Friday, August 10, 2012

I miss Belize

Believe it or not, Monday will be two months since I left Belize.  I am getting settled into DC life.  I finished Pol/Econ training this week.  I enjoyed the practical training parts of the class (writing a cable, elevator briefings, presentation skills, working with economic data).  The numerous lectures were awful, though.  Some of these presenters literally put half the class to sleep.  I expect training modules about aviation to be boring, but subjects like counter terrorism should be interesting.  Practically half the State Department seems to work on counter terrorism, there has to be something interesting to say about it.  All I know is that none of the four presenters who talked for a combined three hours could say a single interesting thing.

A word of advice to anyone ever asked to give a presentation about their job.  Tell stories. Give us examples.  Demonstrate why your job is important.  And for God's sake, if you get the urge to include a slide of the org chart for your office, just STOP.  No one cares about how the office is organized. End Sermon.

In my quest to remain awake this week, I started to think about what I missed about Belize so far.  This list is in no particular order.

  • Working in the Consular Section - Going to FSI everyday and going to the Embassy everyday are completely different.  At FSI, I don't feel grounded in any routine (this is likely to change when I start language).  I miss talking to the ladies in the morning.  I miss having half of my day fly by while doing interviews.  I miss having easy regular access to the internet at all times.  The hours, however, are better (class starts at 9 and is generally over by 4, but we do have homework).
  • My car - How do you buy a car when you don't own a car?  Car dealerships are not exactly metro-friendly.  I am going to resort to renting a car to buy a car.  Grocery shopping is also a pain in the ass.  There is a nice Harris-Teeter store about a 25 minute walk from my apartment.  I can walk there, but can't carry my groceries home, so I have to take a cab.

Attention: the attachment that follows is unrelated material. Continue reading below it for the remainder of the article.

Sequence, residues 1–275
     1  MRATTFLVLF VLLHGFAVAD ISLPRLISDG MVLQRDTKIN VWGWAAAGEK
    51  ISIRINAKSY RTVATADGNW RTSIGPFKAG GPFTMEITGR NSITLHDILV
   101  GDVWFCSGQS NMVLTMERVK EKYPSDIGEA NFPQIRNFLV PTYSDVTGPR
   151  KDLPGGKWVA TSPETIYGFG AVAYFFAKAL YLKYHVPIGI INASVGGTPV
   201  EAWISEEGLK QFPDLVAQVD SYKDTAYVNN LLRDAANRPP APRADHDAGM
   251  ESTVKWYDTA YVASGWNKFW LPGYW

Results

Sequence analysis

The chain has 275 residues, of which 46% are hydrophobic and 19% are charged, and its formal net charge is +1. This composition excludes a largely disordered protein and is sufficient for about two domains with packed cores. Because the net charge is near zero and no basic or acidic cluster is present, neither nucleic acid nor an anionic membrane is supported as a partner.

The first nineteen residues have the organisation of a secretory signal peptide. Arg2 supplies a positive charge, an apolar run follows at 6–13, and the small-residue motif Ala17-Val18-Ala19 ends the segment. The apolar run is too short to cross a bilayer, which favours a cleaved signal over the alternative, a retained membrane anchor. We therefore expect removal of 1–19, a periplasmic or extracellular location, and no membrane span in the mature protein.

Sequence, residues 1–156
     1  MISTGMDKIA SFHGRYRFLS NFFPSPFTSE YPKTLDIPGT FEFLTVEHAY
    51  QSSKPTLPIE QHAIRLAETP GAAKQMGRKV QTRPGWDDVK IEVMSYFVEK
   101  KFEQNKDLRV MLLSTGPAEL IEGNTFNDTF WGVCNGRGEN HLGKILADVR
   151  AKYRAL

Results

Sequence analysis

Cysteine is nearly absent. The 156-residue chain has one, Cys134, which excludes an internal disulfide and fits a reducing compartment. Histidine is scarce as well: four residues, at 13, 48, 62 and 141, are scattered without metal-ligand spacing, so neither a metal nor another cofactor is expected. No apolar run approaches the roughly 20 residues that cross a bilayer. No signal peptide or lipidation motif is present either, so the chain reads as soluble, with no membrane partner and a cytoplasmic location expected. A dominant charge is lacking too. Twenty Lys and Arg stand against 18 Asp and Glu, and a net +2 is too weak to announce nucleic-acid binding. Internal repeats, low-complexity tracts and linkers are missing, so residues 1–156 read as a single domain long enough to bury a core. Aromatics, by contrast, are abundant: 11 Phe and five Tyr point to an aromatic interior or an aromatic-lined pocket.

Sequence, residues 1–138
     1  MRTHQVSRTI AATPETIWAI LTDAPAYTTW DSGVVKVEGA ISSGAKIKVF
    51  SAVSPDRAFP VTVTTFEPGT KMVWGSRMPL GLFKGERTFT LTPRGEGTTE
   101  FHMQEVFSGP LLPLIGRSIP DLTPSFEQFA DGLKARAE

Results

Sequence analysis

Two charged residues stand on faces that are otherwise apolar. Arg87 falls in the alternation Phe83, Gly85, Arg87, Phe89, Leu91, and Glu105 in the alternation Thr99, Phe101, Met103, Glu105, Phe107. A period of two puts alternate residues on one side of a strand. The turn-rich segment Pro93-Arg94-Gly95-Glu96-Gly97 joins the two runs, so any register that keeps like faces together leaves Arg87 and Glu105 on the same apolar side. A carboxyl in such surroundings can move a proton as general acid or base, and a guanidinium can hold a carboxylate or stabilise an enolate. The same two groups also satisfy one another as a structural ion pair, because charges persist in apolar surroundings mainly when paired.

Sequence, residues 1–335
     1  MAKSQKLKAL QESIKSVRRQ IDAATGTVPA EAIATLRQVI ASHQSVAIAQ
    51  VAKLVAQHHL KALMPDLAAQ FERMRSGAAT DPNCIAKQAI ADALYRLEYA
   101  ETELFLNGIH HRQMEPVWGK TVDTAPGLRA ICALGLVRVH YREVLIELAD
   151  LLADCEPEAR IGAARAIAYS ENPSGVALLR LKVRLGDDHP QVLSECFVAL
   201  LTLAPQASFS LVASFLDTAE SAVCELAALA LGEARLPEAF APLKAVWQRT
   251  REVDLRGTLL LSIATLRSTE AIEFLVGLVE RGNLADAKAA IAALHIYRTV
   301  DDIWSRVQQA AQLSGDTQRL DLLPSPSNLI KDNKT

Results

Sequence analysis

• Regular things to do - Complain all we want about Belmopan (and we do), there was usually something going on almost every night of the week.  Pig and Parrot on Wednesday, the Tuesday Tumble, the Hash on the weekends, Catan at Beth and Kevin's, lunch at Pasquale's on Fridays.  Sure, I can go to a movie, bar, restaurant, etc., anytime I want, but there isn't really anything pre-scheduled here for me.  Plus, none of my friends live in the same neighborhood as me, which then requires extensive planning on where and when to meet, etc.  Who would think that I would be more bored in DC than I was in Belize?
  • My house - The living space in my apartment is fine.  My bedroom and living room are big enough.  The kitchen is half the size of what I had in Belize, but it is sufficient.  (Only have four bowls, four spoons, and four knives is not sufficient).  What I hate about this place is how small the passageways are.  The closet door gets in the way of going to the bathroom.  The two (2!) bathroom doors get in the way of each other and exiting the bathroom.  The washer/dryer is located in a closet in the bathroom and it is practically impossible get from the closet to the washer without running into at least two doors.  
  • My yard - My dog will not pee or poop on pavement.  There must be grass or some sort of vegetation.  But, of course, there is no grass near the apartment entrance.  At a minimum, I have to walk around the building to the ten square feet of grass along the side of the building.  Otherwise, I have to cross a busy street to get to some grass for Bailey.  Then, since all the dogs in the neighborhood use all the same patches of grass, there are so many smells available for Bailey to sniff.  Add in a seven story elevator ride and what took less than five minutes in Belmopan takes at least fifteen minutes here.
  • My housekeeper - Remember how I mentioned that the washer/dryer was located in a closet?  That is only possible because it is the smallest washer/dryer in the world.  It takes a minimum of five loads of laundry to wash my clothes for the week.  For one person.  I don't know what families who live in Oakwood do about laundry.  I don't honestly think I used the washer more than five times in two years in Belize.  (I should mention that I still get weekly maid service in Oakwood.  They vacuum, clean the kitchen and bathroom, change the bedding, etc.  But, they don't do my laundry).  I miss Roberta.
  • My friends - Miss you guys.

(Yes, I am fully aware that these are first world problems).

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